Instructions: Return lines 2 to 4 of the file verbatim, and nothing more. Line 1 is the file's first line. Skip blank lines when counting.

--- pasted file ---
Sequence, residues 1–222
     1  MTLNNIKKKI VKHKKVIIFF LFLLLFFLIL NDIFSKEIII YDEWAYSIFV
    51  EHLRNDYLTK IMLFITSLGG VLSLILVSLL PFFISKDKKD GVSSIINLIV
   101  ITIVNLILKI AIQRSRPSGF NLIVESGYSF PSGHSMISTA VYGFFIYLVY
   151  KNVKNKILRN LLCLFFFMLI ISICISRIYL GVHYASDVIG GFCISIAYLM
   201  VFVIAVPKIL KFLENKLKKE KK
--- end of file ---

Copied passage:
     1  MTLNNIKKKI VKHKKVIIFF LFLLLFFLIL NDIFSKEIII YDEWAYSIFV
    51  EHLRNDYLTK IMLFITSLGG VLSLILVSLL PFFISKDKKD GVSSIINLIV
   101  ITIVNLILKI AIQRSRPSGF NLIVESGYSF PSGHSMISTA VYGFFIYLVY